The impact of ‘banking the unbanked’ in a remote part of Papua New Guinea

Event Details

Can having access to bank accounts, participating in financial literacy training and receiving SMS reminders increase savings and empower women to have a greater say in household finances? This seminar will discuss one of the first large-scale randomised control trials in the Pacific, in partnership with the Bank of Papua New Guinea. Half of the 80 villages in Wewak district, East Sepik province, were randomly assigned to receive a comprehensive financial inclusion program. The program was quite popular with 25 per cent of adults in treatment wards attending training and 70 per cent of participants opening bank accounts (more than half of which previously did not own a bank account). However, more than 80 per cent of bank accounts were never used and the researchers found no evidence of the program having a lasting impact. These results draw into question the value of efforts around the developing world to ‘bank the unbanked’.

Christopher Hoy in the final year of his PhD in economics at Crawford School of Public Policy. He has more than a decade of experience in the international development sector as an economist, including with the Overseas Development Institute, UNICEF Uganda, the Australian aid program and the Australian Treasury.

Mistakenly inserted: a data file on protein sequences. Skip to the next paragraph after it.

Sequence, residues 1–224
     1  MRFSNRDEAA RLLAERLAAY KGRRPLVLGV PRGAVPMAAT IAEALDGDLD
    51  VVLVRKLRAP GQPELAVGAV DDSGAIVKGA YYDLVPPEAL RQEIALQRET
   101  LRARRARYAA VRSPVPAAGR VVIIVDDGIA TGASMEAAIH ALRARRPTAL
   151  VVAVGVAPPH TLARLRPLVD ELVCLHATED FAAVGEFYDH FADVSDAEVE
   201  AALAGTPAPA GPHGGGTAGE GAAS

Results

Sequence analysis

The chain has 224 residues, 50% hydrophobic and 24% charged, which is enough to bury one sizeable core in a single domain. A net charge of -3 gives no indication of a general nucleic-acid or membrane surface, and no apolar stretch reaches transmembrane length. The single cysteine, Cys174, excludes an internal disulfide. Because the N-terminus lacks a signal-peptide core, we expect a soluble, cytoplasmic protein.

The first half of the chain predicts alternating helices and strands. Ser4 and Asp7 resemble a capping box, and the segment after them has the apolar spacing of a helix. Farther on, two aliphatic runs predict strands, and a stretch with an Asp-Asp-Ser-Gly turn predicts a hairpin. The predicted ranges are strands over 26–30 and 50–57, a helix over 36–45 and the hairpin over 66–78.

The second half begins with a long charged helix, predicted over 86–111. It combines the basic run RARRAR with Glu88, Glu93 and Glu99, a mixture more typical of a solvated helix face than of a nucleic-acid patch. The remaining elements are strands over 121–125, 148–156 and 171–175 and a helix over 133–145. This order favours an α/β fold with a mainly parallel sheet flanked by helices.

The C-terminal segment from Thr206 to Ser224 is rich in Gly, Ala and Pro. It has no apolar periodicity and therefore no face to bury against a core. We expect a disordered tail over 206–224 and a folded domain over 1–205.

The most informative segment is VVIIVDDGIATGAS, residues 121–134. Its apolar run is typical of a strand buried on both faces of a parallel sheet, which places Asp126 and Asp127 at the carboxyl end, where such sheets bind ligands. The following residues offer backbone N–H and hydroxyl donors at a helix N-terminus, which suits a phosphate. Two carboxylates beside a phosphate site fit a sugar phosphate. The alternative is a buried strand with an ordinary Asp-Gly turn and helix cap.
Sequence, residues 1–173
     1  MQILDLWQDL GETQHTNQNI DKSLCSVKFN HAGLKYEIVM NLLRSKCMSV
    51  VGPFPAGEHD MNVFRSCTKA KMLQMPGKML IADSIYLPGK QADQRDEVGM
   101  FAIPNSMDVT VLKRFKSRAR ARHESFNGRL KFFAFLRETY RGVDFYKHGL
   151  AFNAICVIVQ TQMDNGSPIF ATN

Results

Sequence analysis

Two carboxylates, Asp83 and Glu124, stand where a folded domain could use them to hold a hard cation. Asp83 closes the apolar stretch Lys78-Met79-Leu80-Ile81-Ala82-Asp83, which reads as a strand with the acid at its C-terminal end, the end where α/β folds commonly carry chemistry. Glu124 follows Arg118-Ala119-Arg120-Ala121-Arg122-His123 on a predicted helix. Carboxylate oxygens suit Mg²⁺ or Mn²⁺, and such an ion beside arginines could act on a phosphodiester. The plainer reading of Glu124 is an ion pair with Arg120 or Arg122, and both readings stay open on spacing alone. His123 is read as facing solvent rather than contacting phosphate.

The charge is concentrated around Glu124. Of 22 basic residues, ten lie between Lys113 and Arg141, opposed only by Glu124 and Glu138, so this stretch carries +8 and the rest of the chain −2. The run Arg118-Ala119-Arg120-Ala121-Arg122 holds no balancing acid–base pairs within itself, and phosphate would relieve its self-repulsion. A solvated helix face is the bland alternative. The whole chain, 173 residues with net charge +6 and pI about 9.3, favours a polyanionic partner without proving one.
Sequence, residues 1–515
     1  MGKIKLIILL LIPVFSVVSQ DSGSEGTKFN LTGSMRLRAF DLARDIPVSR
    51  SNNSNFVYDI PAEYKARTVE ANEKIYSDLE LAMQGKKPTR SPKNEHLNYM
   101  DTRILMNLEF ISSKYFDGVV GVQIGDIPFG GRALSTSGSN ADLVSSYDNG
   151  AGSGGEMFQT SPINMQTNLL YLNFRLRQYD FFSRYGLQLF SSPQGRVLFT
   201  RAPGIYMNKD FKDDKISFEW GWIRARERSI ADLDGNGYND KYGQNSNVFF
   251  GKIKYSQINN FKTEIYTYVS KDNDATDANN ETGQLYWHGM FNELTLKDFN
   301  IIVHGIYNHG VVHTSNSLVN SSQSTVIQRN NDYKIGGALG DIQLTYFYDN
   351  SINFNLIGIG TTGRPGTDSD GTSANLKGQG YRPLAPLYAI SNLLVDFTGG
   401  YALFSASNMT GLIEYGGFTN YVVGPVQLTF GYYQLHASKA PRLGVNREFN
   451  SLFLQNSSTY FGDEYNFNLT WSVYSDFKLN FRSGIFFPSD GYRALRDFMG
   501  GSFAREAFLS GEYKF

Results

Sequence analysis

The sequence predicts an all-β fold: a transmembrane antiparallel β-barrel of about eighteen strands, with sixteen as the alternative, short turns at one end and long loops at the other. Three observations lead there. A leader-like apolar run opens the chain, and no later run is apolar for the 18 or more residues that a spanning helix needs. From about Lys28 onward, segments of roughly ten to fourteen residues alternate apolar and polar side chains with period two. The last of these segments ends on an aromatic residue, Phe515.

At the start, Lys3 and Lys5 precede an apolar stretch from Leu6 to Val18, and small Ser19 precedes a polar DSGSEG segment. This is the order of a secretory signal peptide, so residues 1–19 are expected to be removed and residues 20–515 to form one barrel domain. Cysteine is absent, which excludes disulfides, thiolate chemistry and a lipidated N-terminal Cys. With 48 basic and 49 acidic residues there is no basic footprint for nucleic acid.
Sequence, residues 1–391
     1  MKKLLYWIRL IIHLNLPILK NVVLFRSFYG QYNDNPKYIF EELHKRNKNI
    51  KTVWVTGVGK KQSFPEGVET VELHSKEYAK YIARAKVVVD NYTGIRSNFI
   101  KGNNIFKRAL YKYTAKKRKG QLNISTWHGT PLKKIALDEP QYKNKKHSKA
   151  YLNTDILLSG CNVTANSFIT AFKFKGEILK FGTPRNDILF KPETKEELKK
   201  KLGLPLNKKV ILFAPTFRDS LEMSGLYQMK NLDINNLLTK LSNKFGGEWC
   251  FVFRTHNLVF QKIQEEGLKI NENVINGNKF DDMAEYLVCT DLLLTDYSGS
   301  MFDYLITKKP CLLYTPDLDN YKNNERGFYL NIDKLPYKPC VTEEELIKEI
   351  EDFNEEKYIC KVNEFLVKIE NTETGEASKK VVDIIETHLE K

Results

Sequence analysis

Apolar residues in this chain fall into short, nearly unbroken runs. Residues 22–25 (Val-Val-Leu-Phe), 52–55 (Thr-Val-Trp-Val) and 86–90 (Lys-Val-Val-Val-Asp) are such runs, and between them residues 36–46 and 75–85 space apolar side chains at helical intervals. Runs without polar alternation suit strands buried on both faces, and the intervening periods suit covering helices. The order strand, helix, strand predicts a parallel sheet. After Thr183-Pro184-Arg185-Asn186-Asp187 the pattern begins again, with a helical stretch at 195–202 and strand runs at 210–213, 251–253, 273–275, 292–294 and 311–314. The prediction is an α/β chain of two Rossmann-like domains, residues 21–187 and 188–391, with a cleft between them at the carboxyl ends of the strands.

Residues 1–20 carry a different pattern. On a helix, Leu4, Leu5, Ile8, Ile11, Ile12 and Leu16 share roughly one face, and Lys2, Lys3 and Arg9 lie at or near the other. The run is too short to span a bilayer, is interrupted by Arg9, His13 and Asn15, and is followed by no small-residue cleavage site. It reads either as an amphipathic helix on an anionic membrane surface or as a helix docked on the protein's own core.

Hanna Selesele

Hanna Selesele is a Program Officer at the Development Policy Centre. She is currently completing a double degree in a Bachelor of Commerce and a Bachelor of Pacific Studies at the ANU.


  • It will be useful to have the findings published. If the findings are already published and are in public domain, kindly share a link so we can learn from your research.

    B. Shadrach

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